Eddaland (Afikpo South LGA)
Never carried off by hawks
|Coordinates: Coordinates: |
|• Type||Local Government|
|• Total||146 sq mi (378 km2)|
|Time zone||UTC+1 (WAT)|
|Ethnicity||Eddic, Igbo, others|
Edda administratively designated by Nigeria as Afikpo South is a local government area in Ebonyi State, Nigeria. It is the homeland of a culturally distinct people known as the Eddics, who are misconstrued a sub-class of the dominant Igbo ethnic group of South East Nigeria. Eddish people are culturally distinct, but today their old language has gone extinct. They presently speak a dialectal form of Igbo with lots of words also borrowed from Efik and spoken with a very distinctive accent.
Eddaland is composed of many autonomous communities and towns which include: Ebunwana Edda, Nguzu Edda, Ekoli Edda, Owutu Edda, Amangwu Edda, Oso Edda, Etiti Edda, Ogbu Edda etc. The local area headquarters Afikpo South being the Nigerian government designated administrative name for Eddaland is at Nguzu.
The names of Eddish towns often have Edda at their endings, as an addendum, designating their membership of the Eddic cultural common wealth and community of shared values. Each of the autonomous communities of Eddaland had been existing as small city states with each having its own monarch before Nigeria was carved up by British colonialists. These communities made up of about 72 villages today had been functioning as a confederation of small city states bounded by common heritage until 1867 when British colonialists enveloped Eddaland into the Country of Southern Nigeria. South Nigeria existed as different country from Northern Nigeria, both of which were amalgamated in 1914 to forge today’s Nigeria. The old city states of Eddaland still exist with monarchs that have no administrative functions; but are just cultural representatives of Edda communities.
The designation of Afikpo South was given to Eddaland when it was carved out of the old Afikpo Local Government Area in 1991 by the then Nigerian Federal Military Government. Successive legislators from the area have since fought to have its name changed to Edda Local Government Area in Nigeria's constitution so as to better reflect their heritage.
Due to a unique culture that values inclusiveness and integrity, Eddaland has a very serene atmosphere of calm and is so peaceful with so low level crime that even today, there exists only a few police stations/posts in the entire area. The pristine natural environment of undulating hills, springs and quiet small lakes and the calm and welcoming traditions of the Eddish people casts Eddaland as an ideal untouched rough diamond for development into a future world tourism destination.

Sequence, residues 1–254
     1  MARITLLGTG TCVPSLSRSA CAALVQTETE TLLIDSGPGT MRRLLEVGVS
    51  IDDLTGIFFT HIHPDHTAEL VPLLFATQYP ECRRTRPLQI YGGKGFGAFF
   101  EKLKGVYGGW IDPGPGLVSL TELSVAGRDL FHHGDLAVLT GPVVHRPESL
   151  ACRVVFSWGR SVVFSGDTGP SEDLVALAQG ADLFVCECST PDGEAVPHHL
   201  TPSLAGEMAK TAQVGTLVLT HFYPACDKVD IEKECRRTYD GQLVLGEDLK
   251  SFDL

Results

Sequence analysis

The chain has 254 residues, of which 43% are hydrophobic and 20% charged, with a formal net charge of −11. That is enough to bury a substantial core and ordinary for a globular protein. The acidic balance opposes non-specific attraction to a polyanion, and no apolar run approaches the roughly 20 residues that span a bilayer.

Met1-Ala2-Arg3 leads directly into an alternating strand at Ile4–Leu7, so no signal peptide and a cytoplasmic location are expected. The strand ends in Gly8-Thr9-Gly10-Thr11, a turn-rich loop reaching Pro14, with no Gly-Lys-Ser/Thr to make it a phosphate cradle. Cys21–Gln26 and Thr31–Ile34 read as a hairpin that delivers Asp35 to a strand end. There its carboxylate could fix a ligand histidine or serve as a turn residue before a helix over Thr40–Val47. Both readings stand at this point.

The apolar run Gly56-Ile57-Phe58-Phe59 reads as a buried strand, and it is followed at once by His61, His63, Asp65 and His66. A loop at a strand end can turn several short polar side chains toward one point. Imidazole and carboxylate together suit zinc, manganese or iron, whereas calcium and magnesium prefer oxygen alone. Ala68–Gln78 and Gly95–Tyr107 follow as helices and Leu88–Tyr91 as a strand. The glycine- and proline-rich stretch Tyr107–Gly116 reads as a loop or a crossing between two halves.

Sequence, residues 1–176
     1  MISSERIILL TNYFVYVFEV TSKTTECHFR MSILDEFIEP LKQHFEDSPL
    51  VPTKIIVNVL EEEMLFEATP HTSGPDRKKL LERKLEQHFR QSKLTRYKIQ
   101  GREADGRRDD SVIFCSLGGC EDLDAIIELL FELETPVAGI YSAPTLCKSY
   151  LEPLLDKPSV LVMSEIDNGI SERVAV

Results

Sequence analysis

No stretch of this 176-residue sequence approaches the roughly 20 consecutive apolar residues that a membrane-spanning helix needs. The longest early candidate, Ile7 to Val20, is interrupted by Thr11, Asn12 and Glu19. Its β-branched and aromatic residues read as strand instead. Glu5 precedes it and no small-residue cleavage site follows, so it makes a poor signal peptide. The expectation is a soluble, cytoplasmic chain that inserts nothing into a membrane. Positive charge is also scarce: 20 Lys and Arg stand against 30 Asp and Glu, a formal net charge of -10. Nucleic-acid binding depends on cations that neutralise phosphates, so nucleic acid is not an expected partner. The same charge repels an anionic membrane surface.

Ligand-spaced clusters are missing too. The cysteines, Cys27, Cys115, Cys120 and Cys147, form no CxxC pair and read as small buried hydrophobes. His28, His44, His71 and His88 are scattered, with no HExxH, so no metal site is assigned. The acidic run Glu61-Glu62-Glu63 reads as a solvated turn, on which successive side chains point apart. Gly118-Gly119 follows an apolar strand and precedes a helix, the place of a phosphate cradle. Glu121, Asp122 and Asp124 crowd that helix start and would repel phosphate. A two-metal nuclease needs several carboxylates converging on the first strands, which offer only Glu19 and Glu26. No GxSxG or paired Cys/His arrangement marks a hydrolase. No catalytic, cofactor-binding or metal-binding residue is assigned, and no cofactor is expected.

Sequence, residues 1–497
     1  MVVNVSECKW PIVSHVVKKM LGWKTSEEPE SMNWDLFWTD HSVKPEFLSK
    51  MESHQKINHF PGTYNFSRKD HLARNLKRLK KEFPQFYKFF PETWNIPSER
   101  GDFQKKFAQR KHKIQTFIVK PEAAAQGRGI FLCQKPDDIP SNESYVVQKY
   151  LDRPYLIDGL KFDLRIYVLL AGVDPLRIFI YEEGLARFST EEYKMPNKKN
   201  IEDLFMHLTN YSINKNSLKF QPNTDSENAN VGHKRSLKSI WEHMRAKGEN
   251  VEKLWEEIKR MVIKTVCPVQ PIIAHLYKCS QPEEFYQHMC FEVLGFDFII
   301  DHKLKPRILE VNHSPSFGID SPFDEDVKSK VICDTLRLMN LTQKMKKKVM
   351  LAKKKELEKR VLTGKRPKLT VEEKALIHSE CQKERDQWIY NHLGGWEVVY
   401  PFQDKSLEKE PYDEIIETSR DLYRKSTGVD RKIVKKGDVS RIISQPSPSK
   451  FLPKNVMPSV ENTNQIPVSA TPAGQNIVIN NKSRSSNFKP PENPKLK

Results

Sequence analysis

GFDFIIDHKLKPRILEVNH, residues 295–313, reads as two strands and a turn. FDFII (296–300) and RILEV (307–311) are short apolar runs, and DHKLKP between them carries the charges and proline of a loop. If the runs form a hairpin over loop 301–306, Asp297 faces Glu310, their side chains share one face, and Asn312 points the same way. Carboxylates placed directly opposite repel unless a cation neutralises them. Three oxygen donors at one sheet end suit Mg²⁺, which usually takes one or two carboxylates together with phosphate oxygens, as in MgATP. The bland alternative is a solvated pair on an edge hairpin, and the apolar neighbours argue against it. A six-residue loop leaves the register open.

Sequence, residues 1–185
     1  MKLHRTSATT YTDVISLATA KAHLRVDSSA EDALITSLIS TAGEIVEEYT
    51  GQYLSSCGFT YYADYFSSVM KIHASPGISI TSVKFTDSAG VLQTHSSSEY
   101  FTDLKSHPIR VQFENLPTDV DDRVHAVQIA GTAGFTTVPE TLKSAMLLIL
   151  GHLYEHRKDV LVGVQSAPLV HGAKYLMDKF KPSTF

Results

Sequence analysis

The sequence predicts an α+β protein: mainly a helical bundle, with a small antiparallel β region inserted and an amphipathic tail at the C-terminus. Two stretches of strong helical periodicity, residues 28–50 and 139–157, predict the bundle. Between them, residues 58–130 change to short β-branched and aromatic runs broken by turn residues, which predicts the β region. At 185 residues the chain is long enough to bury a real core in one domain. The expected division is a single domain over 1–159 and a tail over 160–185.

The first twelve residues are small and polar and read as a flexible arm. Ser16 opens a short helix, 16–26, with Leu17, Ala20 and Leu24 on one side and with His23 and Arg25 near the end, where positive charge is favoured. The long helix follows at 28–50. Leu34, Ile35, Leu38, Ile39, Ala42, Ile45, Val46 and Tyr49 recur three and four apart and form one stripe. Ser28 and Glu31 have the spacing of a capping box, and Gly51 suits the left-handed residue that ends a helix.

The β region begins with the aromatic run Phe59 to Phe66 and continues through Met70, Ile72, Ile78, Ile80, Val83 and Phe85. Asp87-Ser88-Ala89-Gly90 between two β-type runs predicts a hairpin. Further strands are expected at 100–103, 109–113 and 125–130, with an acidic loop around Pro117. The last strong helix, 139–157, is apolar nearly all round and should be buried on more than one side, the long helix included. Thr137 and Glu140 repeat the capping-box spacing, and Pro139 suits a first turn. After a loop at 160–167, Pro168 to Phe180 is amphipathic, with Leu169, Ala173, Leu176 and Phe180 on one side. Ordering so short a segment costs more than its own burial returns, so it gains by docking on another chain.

The local government is administered by an elected Chairman and councillors who are elected from their respective wards within the local government area. The first executive chairman was Chief Sonni Ogbuoji.
It has an area of 378 km2 (146 sq mi) and a population of 157,072 at the 2006 census.
Weather, climate and vegetation: There are two distinctive seasons in this area; The rainy and dry seasons. The rainy seasons usually begin in early March and ends in October, to give way for the dry season. The dry season usually begins from October and ends in February. These two seasons are dependent on two prevailing winds-The North East trade wind or Dry Harmattan (also called The Tropical Continental) airmass, laden with dust from the Sahara Desert and the South West trade wind from the south Atlantic Ocean (also called The Tropical Maritime) air mass. Temperatures range from 20 °C to 38 °C during dry season and 16 °C to 28 °C during the rainy season. Average annual rainfall varies from 1750mm to 2250mm. The vegetation here is a parkland, with stunted trees and pockets of woodland and forest consisting of shrubs and large trees.
The economy here is generally subsistence with agriculture as the mainstay. But with a new vision based on inclusive education and technology now being embraced by Eddish royals for the Eddish people, Eddaland seems to be veering into a new trajectory of economic relevance.
References[edit source | edit]
- "Edda: Nigeria". Geographical Names. Retrieved 15 October 2015.
- Suberu, Rotimi T. (1994) 1991 state and local government reorganizations in Nigeria Institute of African Studies, University of Ibadan, Ibadan, Nigeria, ISBN 978-2015-28-8
- Ajayi, Gboyega (2007) The military and the Nigerian state, 1966-1993: a study of the strategies of political power control Africa World Press, Trenton New Jersey, ISBN 1-59221-568-8
- "Post Offices- with map of LGA". NIPOST. Archived from the original on 7 October 2009. Retrieved 2009-10-20. CS1 maint: discouraged parameter (link)
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